Friday, May 20, 2011

European Union India Free Trade Agreement May Be Tough

India and European Union (EU) have been trying really hard to formulate a comprehensive free trade policy to apply to both goods and services, and facilitate more European investment in India. EU and India now believe that they are getting closer to an agreement which would be more fruitful for both parties.

This is so despite the differences between EU and India regarding intellectual property rights (IPRS) especially regarding pharmaceutical patents. IPRs in India are governed by respective legislation and at the International level they are governed by TRIPS Agreement. Now EU is insisting upon “TRIPS Plus Conditions” that India is not interested in agreeing to. India’s stand on highly sensitive IPRs issues has been formulated by the high-powered Trade and Economic Relations Committee (TERC) at its recent meeting Chaired by Prime Minister Manmohan Singh.

Meanwhile, EU’s Trade Commissioner, Karel De Gucht, has announced plans to slash the number of countries, from 176 to 80, that benefit from the generalised system of preferences (GSP) scheme, whereby eligible nations enjoy reduced or zero customs tariffs on imported goods. He said that the action is aimed at large emerging economies like India, Brazil and Russia, which did not require continued specialised assistance, given their newly muscular economies.

Bilateral trade in goods and services between India and the EU was estimated at €72bn ($103bn, £63bn) in 2009, a figure that could rise to an estimated €160bn by 2015 if the pact is completed.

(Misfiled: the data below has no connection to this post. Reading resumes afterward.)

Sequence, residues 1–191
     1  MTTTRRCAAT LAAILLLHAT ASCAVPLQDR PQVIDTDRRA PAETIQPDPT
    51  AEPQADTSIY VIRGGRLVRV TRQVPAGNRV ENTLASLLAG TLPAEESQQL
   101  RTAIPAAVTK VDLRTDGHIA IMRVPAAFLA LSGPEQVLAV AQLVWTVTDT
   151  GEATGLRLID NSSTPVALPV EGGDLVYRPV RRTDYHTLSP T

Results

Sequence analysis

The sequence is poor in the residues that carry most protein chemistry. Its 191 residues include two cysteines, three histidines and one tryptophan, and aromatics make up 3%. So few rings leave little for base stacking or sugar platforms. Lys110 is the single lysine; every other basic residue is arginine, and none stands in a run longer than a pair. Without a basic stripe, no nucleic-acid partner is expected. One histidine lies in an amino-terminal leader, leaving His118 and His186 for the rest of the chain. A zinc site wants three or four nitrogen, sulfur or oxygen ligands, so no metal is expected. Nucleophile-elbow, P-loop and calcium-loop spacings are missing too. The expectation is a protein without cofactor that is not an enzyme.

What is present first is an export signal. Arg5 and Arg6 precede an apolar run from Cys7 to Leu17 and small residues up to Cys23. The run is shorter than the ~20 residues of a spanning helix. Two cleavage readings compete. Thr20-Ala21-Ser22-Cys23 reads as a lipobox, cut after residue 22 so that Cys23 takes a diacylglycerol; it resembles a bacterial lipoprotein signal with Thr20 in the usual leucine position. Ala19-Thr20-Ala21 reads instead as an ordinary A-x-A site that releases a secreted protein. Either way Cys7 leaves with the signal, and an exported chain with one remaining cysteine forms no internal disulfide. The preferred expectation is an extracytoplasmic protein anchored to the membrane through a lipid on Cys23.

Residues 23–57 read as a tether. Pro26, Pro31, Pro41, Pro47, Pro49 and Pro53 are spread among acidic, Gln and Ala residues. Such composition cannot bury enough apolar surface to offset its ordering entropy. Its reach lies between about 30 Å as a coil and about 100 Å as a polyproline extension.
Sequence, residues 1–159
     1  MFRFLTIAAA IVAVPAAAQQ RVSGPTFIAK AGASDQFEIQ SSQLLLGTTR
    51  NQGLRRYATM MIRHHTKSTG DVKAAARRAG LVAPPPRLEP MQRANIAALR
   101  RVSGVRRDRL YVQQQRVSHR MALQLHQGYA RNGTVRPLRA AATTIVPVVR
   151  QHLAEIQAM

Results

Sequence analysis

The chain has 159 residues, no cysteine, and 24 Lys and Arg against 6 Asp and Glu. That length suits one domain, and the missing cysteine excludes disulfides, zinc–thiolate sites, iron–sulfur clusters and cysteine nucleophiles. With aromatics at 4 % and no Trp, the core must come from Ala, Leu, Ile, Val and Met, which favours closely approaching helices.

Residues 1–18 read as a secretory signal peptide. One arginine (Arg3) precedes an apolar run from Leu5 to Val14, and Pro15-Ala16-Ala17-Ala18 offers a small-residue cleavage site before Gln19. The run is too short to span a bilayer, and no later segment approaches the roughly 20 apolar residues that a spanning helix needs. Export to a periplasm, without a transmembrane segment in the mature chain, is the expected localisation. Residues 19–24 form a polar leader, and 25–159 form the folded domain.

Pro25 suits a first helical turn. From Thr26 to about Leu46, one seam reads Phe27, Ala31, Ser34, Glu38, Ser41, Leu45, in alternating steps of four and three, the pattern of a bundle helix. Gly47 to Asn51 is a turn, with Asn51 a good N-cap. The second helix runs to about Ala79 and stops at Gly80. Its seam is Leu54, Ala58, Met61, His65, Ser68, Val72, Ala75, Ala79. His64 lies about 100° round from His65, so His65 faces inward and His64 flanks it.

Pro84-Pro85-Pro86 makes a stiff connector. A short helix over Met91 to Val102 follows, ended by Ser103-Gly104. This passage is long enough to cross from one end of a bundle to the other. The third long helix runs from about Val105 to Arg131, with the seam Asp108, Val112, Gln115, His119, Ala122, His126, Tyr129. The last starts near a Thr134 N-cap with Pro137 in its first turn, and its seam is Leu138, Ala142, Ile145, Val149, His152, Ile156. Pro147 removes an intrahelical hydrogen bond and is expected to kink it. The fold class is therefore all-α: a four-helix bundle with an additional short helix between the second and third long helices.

But, with both Brussels and New Delhi keeping the precise details of the deal a closely guarded secret, the talks have aroused serious concern in both Europe and India. In February, Corporate Europe Observatory, a research and campaigning group, sued the European Commission over its conduct of the free trade talks. The lawsuit accused the commission of violating rules on transparency and democracy by refusing to disclose details of the negotiations publicly, despite sharing them with powerful European business groups.

A more rigorous stand has been taken by NGOs and other dealing with healthcare. If TRIPS Plus provisions are pushed by EU and accepted by India, it would hamper the ability of developing countries to fight against life threatening diseases. The EU, in the face of the protests, has backed away from some of its demands, including its request for protection of multinational drug companies’ clinical trial data, which Indian companies use to get their own low-cost generic copies approved. It seems the EU India free trade agreement would not be an easy ride especially due to large public interest attached to healthcare and affordable medicines.

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